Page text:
By Michelle Caffrey – Reporter, Philadelphia Business Journal
Qlik's $560 million acquisition of Attunity is complete. The King of Prussia-based analytics firm announced Monday it closed the deal, which it first announced in February, to acquire the publicly traded data management company and take it private.
Attunity shareholders approved the acquisition in April, with shares priced at $23.50, an 18 percent premium at the time it was announced. Its final trading price after market close Monday was $23.42.
Mike Capone, Qlik CEO
The purchase will allow Qlik, which employs more than 2,000 worldwide, to combine its existing business intelligence analytics platform with Attunity's expertise in integrating and managing large amounts of data, while also expanding its partnerships with cloud infrastructure providers like Microsoft and Amazon Web Services. The 30-year-old firm, based in Israel, employs more than 250.
“Attunity’s agile and real-time data integration capabilities give Qlik a unique platform that perfectly aligns with an enterprise’s DataOps and analytics strategy,” Qlik CEO Mike Capone said in a statement. “The ability to help customers better automate and manage the delivery of trusted data for insights will help them lead with data to solve their most challenging problems.”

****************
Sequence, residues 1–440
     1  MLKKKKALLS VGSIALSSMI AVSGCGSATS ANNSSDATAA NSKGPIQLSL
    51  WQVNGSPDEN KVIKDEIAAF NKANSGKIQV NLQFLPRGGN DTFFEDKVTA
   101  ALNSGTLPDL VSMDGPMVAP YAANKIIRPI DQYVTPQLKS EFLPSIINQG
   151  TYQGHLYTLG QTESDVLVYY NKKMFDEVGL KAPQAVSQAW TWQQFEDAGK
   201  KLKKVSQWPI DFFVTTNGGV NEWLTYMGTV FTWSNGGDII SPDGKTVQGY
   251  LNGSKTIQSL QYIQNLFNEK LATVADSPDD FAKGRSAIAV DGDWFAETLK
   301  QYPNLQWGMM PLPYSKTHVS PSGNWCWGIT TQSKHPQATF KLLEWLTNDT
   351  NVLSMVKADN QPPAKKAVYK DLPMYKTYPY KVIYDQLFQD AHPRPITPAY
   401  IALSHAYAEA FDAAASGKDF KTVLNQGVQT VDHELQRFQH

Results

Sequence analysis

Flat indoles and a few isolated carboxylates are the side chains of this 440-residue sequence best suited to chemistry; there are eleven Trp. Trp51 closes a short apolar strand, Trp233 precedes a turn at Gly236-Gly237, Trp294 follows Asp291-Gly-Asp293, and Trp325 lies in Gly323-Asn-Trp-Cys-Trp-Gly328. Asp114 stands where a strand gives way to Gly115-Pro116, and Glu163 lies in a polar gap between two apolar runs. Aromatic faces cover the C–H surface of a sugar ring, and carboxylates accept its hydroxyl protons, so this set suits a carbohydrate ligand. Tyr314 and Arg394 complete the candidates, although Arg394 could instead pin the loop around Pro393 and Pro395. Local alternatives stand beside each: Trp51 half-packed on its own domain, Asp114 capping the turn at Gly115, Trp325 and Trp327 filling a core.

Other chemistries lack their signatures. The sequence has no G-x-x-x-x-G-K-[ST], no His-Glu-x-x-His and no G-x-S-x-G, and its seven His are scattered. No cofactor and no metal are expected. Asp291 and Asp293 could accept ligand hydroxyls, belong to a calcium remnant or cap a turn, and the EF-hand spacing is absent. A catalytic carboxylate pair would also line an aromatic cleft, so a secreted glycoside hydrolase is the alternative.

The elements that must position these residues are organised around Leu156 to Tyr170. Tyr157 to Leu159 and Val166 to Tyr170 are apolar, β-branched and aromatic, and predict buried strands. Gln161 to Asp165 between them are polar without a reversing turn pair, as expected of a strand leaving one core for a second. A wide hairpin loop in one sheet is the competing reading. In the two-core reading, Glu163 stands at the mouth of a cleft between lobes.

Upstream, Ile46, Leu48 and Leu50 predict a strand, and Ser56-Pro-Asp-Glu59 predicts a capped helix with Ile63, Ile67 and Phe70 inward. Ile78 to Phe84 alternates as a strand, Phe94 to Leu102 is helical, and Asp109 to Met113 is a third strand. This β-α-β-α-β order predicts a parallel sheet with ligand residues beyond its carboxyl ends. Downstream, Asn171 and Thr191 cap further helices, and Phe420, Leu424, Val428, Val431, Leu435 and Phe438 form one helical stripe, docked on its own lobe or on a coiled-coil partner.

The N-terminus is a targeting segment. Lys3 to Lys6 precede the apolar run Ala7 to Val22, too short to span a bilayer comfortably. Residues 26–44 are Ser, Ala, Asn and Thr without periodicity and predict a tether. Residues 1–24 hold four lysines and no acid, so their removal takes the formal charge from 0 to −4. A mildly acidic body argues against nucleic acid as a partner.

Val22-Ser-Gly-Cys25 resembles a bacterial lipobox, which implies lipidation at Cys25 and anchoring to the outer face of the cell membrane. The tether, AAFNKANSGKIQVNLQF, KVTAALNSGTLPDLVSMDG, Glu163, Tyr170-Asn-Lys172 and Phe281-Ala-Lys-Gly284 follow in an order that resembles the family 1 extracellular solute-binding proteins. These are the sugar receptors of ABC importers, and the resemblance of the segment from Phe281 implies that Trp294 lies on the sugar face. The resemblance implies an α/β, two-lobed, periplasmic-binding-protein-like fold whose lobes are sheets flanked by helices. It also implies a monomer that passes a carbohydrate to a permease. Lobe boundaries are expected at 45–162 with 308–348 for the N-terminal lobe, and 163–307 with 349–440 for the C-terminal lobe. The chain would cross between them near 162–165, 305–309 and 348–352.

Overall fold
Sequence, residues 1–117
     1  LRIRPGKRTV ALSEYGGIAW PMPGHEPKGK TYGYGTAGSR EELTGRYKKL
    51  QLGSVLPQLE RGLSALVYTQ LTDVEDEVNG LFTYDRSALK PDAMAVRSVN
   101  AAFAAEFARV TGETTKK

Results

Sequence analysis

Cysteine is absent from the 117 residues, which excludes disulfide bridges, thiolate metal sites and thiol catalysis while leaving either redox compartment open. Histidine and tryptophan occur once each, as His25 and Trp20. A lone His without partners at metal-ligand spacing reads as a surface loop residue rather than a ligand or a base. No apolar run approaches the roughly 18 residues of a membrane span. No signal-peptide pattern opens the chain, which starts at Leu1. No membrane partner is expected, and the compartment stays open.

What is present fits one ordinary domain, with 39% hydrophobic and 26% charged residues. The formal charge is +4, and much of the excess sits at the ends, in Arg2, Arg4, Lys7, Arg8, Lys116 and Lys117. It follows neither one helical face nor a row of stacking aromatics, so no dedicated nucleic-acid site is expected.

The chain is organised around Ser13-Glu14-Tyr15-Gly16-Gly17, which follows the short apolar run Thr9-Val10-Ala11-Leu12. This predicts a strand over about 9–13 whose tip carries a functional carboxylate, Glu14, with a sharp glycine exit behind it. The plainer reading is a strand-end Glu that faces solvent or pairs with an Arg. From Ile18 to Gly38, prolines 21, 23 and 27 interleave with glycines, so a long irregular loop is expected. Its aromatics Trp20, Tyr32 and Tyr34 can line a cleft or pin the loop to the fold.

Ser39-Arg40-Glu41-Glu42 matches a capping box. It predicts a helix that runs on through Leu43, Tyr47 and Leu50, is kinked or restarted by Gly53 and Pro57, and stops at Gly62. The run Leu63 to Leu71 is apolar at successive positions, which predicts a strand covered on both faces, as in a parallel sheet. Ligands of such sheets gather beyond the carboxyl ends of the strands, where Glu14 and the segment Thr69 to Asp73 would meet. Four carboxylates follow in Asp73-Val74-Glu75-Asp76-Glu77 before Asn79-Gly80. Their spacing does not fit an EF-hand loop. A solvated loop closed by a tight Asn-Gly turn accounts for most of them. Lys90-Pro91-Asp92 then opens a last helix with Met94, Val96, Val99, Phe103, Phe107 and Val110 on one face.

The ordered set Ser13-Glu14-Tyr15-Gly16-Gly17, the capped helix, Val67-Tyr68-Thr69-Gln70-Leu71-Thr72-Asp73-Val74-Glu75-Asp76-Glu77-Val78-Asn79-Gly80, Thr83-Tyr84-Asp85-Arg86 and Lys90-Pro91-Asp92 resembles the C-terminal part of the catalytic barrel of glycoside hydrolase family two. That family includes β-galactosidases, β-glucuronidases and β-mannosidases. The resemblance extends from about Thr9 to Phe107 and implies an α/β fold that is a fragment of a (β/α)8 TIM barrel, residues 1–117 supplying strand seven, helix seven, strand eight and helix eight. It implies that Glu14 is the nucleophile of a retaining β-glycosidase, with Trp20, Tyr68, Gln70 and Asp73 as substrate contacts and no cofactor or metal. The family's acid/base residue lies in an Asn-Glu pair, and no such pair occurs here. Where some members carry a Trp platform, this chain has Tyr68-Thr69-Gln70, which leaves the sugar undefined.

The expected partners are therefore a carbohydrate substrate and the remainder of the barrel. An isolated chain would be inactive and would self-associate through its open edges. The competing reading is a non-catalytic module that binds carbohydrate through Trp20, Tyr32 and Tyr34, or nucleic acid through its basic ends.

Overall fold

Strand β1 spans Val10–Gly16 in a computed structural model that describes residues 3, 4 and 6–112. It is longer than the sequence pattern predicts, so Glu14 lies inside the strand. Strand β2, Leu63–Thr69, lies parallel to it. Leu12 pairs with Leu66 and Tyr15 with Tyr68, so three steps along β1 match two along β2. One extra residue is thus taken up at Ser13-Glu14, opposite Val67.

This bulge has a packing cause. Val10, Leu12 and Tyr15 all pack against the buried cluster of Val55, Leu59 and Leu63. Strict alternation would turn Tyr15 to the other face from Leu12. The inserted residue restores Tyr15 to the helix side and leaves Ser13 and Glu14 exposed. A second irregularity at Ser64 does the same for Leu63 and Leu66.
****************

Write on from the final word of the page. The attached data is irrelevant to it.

Qlik's core expertise is in data analytics and visualizations, but it's been focused on increasing its ability to bring disparate sources of data into its platform in the past year. It acquired data management firm Podium Data in July 2018.
When it announced the Attunity deal in February, Qlik executives said it would build upon the Podium acquisition and add in capabilities it needs to support technologies like artificial intelligence and predictive analytics, which rely on optimizing massive amounts of data.
Qlik is one of a handful of tech companies in the Philadelphia region backed by private equity giant Thoma Bravo, which appointed Capone to the top spot in January 2018. Capone came to the organization from payroll software firm ADP, where he spent 26 years and rose to the role of CIO and head of product
Read the original story from the Philadelphia Business Journal here.